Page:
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How do I become a marketable frontend engineer?

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Mid-Level Software Engineer at Mastercarda year ago

Hello! Just joined this community yesterday and the information I've seen so far is invaluable! This platform truly is unique!

My question is about the overwhelming and sometimes contradicting information for front-end engineering. I was a backend engineer for 1 year and then switched to a frontend engineer within Mastercard since I love the design and visual aspect of it. It is much more gratifying. We work with Angular in mastercard but I feel like my skillset is very specific to our codebase. I am good at debugging (cause that's what most of my work is recently) but I don't know how that can transfer to other jobs. I also feel like Angular is an older framework. I want to join a proper tech company next year (outside fin-tech) as a senior front-end engineer. What do I need to do to get there?

Should I dive deep into Angular and make tons of projects with Angular? Should I learn React or some other frameworks and make projects with those? Should I look into full-stack roles and brush up on backend (Java)? All of the above??

I am a bit lost and any guidance would be appreciated!

Thank you!!

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(2 comments)
  • 11
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    Meta, Pinterest, Kosei
    a year ago

    The nice thing about front-end is that it's inherently demonstrable. Given your backend experience, I'd suggest you apply for generic (full-stack) engineering roles, unless the company you're applying to is forcing you to pick a track. Once you get senior at a large company, it should be easy to then specialize in what you want.

    If your goal is senior eng at a larger company, I'd focus on showing your projects/influence at high levels.

    • Do you have a blog post, publication, or public launch of your work at Mastercard?
    • Do you have a legit side project that looks good and also has a non-trivial number of users (1K+)?

    In general, the first option is better if you're going for a senior-level role, since that shows your ability to create impact in a large company. The side project option is harder to really stand out since there are many good-looking projects out there. You need users to make it truly impressive (learn more about this here).

    I don't have a strong opinion about React vs Angular, pick what you'll be most productive with!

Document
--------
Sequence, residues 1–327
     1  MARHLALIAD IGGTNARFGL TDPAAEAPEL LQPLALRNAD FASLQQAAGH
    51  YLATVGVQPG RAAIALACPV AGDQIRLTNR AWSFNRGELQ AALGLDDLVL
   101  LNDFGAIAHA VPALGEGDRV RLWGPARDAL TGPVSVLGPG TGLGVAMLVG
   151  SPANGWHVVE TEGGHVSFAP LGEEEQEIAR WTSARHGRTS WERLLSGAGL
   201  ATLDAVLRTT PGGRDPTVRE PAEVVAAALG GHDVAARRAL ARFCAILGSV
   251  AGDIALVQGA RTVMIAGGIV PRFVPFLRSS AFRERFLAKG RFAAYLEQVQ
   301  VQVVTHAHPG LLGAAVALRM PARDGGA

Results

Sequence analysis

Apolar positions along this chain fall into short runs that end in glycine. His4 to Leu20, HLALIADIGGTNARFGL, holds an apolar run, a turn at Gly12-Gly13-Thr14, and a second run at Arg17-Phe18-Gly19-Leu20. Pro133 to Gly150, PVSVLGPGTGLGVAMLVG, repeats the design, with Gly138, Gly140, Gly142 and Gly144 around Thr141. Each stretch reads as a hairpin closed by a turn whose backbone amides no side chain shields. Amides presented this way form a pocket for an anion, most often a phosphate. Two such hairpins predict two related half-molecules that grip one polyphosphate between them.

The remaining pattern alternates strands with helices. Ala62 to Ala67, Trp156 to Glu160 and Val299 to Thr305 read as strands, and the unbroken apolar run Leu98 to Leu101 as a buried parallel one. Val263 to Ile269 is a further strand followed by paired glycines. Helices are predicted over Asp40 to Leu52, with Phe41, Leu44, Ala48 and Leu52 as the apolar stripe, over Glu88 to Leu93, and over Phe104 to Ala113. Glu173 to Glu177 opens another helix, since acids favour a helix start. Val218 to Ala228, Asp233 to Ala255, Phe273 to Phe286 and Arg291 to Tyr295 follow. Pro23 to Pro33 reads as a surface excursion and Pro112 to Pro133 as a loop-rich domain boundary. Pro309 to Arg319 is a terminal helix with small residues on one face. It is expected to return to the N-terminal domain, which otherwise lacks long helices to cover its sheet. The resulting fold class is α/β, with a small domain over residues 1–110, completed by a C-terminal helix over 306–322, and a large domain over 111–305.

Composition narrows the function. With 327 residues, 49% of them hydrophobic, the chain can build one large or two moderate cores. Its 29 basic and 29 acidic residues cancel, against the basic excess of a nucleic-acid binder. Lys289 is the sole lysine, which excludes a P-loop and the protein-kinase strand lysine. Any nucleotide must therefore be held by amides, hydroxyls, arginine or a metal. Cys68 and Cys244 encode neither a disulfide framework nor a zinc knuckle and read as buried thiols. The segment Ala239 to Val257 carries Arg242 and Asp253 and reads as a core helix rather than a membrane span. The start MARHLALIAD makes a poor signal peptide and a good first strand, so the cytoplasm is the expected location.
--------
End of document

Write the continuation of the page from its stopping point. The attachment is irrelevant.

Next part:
• 17
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    Robinhood, Meta, Course Hero, PayPal
    a year ago

    I want to join a proper tech company next year (outside fin-tech) as a senior front-end engineer.

    I actually have a much more tactical piece of advice here: Get to a senior level at Mastercard first. Here's why:

    • It is difficult (and risky) to negotiate an up-level, especially from mid-level to senior.
    • There's generally a large mentality shift required to make this level up which I talk about in-depth here. You don't want get an up-level through a job search and become a low-performing senior engineer (I'm interpreting "proper" tech company as something that's on the level of FAANG).
    • The current economic climate also leans much more in the favor of the hiring companies vs. the interview candidates, so it will be very difficult to get a senior offer if you're still currently mid-level.
    • I talk more about all this in our video about how promotion is the foundation for your career.

    All that being said, I'm really glad you like front-end (I do too!), and I think side projects are a super powerful career level for those who love putting pixels on screen. I've gotten many interviews from "proper" tech companies like Instacart, Block, and Uber through my side projects, and I recommend this masterclass on how I did that (this one's about the execution, and Rahul linked the one about ideation).

    I agree with Rahul in that you can apply to full-stack roles, but I recommend doing front-end only projects to deepen your focus. Adding a back-end to a side project greatly increases its complexity, and you like front-end a lot anyways. 90% of my side projects were front-end only (just ran locally on Android). If you're going to call an API, call someone's else - Don't build it yourself. Using the project to learn React seems like a good idea too.

    I am good at debugging (cause that's what most of my work is recently) but I don't know how that can transfer to other jobs.

    Debugging is always a useful skill (spending most of your time debugging is a Staff Engineer archetype), but it's important at your career stage to get feature work as well. If you aren't spending 35%+ of your time on that, I would talk to your manager about procuring more.

Mastercard Inc. is a payment processing company offering a range of financial services. Its principal business is to process payments between the banks of merchants and the card-issuing banks or credit unions of the purchasers who use Mastercard-brand cards.
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